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In “Myth Today,” Roland Barthes defined myths, at their core, as “second-order semiological systems” wherein “that which is a sign (namely the associative totality of a concept and an image) in the first system, becomes a mere signifier in the second.” (114) Myth is a specific form of speech, according to Barthes, and anything that can be spoken of is subject to becoming myth, just as while “a tree is a tree [...] a tree as expressed by Minou Drouet is no longer quite a tree.” (109) Indeed, anytime an object is synthesized into speech (and by speech, all forms of communication and representation are meant) and used to signify something else, we create a new thing: a sign (the sum of the signifier and the signified), and this sign can be then used again in another system.

To take an example from Barthes:

“Take a bunch of roses: I use it to signify my passion. Do we have here, then, only a signifier and a signified, the roses and my passion? Not even that: to put it accurately, there are here only ‘passionified’ roses.” (113)
These “passionified roses,” now taken as as a sign--a complete thing, not merely the relationship between the initial roses and the initial passion--are now able to be used as a signifier for some other system of meaning: a second-order semiological system. In this new system, the “passionified roses” lose their particular significance and meaning in the first system and becomes merely an empty “form.” This form, when spoken of, will signify a second-order “signified,” which Barthes refers to as a “concept.” The sum of that relationship, between form and concept, is called the “signification,” and this second system of relationships between form, concept, and signification is what Barthes refers to as “Myth.” In a society where the “passionified roses” have become an understood as sign (that is to say, that they exist in the public’s mind outside of a particular set of roses infused with a particular passion), any further use of them in speech will begin a mythological structure, wherein the passionified roses play a part bigger than they did as a mere sign.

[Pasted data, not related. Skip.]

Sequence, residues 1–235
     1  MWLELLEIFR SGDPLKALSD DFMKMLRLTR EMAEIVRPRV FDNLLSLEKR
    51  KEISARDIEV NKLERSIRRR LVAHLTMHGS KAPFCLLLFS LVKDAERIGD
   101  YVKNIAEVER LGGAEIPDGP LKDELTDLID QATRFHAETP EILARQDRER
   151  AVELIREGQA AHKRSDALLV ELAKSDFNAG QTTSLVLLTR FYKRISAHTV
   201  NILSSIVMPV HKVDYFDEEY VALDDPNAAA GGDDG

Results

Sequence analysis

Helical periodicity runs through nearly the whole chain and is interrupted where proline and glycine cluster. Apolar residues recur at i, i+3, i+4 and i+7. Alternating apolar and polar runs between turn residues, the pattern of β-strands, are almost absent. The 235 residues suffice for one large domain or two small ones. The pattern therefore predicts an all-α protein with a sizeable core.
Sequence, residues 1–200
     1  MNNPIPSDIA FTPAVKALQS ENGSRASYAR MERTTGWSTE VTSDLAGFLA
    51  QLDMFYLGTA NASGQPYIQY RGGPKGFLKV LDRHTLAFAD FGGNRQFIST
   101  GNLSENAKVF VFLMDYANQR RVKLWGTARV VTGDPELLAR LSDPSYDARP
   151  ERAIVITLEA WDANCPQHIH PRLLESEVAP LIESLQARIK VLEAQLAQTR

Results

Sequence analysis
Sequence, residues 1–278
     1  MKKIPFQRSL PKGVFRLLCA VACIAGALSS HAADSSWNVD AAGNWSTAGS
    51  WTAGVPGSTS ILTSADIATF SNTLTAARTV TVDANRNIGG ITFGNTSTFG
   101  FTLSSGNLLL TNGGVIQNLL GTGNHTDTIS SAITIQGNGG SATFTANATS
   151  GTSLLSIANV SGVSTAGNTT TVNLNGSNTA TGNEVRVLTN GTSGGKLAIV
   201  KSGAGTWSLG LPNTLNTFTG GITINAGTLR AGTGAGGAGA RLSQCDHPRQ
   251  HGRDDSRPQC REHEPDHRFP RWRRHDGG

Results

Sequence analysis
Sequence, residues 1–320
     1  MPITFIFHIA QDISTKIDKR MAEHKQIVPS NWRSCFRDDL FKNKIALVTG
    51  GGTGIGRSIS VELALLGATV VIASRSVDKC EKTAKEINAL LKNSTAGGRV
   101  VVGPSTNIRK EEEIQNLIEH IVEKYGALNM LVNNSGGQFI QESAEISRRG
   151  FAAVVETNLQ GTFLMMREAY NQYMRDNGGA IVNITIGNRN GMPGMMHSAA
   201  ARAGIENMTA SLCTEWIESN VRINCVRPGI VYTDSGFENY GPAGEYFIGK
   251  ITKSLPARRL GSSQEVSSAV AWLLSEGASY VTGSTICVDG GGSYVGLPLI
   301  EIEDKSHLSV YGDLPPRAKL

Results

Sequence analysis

Barthlev

Works cited:

Barthes, Roland. Mythologies. Trans. Annette Lavers. New York: Noonday, 1972. Print.

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